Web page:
Ehud was a Benjamite and the phrase translated "left handed man" is a very interesting Hebrew idiom. It literally reads "a man bound/restricted in his right hand." The same phrase is used in Judges 20:16 to describe 700 slingers (also of the tribe of Benjamin). These two verses are the only places where this idiom is used.
Judges 20:16 Among all this people there were seven hundred chosen men bound in the right hand; every one could sling stones at an hair breadth, and not miss. [KJV with the left handed idiom shown more literally]
There is another phrase used much more frequently to describe being left handed or turning to the left (sim'el). It appears 54 times in the Old Testament (e.g. Genesis 13:9; 2 Samuel 14:19).
Genesis 13:9 [to] the right, then I will go to the left. (NASB)
2 Samuel 14:19 one can turn to the right or to the left from anything. (NASB)
Noting that both instances of the "bound in the right hand" idiom refer to Benjamites, the translators' notes on the NET state:
Perhaps the Benjaminites purposely trained several of their young men to be left-handed warriors by restricting the use of the right hand from an early age so the left hand would become dominant. Left-handed men would have a distinct military advantage, especially when attacking city gates. See B. Halpern, “The Assassination of Eglon: The First Locked-Room Murder Mystery,” BRev 4 (1988): 35.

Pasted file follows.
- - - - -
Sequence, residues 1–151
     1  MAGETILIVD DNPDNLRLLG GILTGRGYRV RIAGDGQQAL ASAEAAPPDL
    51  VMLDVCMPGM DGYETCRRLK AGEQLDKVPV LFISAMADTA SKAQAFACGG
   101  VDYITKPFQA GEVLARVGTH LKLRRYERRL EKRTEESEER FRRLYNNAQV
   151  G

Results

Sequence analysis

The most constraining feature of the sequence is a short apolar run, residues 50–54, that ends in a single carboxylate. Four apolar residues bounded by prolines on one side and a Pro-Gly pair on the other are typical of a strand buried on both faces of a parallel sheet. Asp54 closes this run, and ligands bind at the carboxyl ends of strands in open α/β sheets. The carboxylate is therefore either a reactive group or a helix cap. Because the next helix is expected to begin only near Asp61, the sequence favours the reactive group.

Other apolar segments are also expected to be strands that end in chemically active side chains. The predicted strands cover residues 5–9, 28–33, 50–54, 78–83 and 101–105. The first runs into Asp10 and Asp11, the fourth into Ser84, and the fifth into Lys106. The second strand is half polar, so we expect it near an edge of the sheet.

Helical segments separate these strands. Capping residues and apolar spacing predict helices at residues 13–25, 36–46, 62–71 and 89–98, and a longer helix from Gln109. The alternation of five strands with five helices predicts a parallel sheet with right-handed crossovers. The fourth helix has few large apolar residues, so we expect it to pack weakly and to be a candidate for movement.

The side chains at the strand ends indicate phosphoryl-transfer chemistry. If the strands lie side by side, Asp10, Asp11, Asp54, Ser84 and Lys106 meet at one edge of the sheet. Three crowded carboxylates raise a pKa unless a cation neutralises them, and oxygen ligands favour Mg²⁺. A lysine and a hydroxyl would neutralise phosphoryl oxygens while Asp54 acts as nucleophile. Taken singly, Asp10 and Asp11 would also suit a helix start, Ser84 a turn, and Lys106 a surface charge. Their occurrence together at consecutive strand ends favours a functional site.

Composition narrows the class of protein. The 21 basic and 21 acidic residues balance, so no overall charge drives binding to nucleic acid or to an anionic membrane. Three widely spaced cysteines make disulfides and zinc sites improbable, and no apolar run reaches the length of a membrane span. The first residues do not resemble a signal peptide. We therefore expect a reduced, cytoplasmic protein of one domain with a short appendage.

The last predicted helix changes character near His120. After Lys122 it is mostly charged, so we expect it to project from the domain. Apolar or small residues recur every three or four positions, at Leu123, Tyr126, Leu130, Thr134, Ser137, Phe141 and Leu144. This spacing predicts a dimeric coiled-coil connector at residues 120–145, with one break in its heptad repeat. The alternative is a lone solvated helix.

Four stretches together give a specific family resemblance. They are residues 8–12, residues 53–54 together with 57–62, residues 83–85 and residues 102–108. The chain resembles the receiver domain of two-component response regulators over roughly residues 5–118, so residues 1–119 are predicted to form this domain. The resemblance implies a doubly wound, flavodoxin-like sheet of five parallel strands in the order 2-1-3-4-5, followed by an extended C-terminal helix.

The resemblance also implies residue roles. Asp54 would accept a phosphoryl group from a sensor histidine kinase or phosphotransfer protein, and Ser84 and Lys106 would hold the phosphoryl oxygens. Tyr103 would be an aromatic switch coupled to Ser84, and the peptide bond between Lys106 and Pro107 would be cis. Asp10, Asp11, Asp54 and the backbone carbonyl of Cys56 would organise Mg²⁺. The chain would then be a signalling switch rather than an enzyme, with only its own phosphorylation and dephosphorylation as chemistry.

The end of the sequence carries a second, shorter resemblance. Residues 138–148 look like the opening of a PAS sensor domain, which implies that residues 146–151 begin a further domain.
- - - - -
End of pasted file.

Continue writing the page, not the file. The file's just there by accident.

1 Chronicles 12:2 also mentions a squad of ambidextrous soldiers who were also Benjamites. David's general Joab is also shown to be either left handed or ambidextrous in 2 Samuel 20:8-10. He grabs his opponents beard with his right hand while holding a sword in his left. The opponent takes no heed of the sword in his left and is undefended when Joab strikes. (See also the Iliad, 21.161-68, where Asteropaios, being ambidextrous, throws two spears at once at Achilles.)
When Ehud approached the room to see Eglon, he would have been inspected by the guards. As being right handed was more common then (just as it is now), they would have searched his left side for a concealed weapon more carefully than the right. A right handed person draws a long blade from the left side. Apparently, upon seeing the left side was clear, they didn't search the right for hidden weapons. After all, it was unlikely that he could draw and use a blade from that side.
The military advantage to being left handed are such as the enemy expects to be fighting a right handed man. The lefty has the element of surprise which even for a few seconds can determine the outcome. This holds only for individual combat. Units fighting together would want all to be using the same hand. Then, if you have a whole unit of lefties against a unit of righties, you have the left advantages again. They are trained to fight righties (and are attacking the unshielded side), while the righties have to rethink and mirror every offensive move they make while trying to stay alive.
In the Lincoln Cathedral, the spiral staircases are wrong handed and were defended by men from a Scottish clan almost exclusively left handed. The reversed direction caused invaders to be holding their weapons and shields on the wrongs sides as they tried to climb, but the defenders would fight unhindered.